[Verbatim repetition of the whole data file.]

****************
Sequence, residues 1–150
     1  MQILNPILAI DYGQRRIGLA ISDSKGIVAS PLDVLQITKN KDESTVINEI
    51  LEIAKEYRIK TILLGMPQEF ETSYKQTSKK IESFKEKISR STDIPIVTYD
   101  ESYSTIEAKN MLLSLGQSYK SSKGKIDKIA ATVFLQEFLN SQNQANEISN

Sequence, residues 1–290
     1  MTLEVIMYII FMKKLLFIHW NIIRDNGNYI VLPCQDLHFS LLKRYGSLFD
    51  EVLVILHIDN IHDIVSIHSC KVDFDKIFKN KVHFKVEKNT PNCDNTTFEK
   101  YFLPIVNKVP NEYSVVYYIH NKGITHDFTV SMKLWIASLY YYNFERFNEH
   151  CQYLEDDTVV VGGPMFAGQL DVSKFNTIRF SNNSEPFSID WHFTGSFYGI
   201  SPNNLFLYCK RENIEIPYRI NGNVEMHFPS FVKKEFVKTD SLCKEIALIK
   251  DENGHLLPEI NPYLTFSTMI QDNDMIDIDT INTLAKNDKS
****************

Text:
Sequence, residues 1–150
     1  MQILNPILAI DYGQRRIGLA ISDSKGIVAS PLDVLQITKN KDESTVINEI
    51  LEIAKEYRIK TILLGMPQEF ETSYKQTSKK IESFKEKISR STDIPIVTYD
   101  ESYSTIEAKN MLLSLGQSYK SSKGKIDKIA ATVFLQEFLN SQNQANEISN

Sequence, residues 1–290
     1  MTLEVIMYII FMKKLLFIHW NIIRDNGNYI VLPCQDLHFS LLKRYGSLFD
    51  EVLVILHIDN IHDIVSIHSC KVDFDKIFKN KVHFKVEKNT PNCDNTTFEK
   101  YFLPIVNKVP NEYSVVYYIH NKGITHDFTV SMKLWIASLY YYNFERFNEH
   151  CQYLEDDTVV VGGPMFAGQL DVSKFNTIRF SNNSEPFSID WHFTGSFYGI
   201  SPNNLFLYCK RENIEIPYRI NGNVEMHFPS FVKKEFVKTD SLCKEIALIK
   251  DENGHLLPEI NPYLTFSTMI QDNDMIDIDT INTLAKNDKS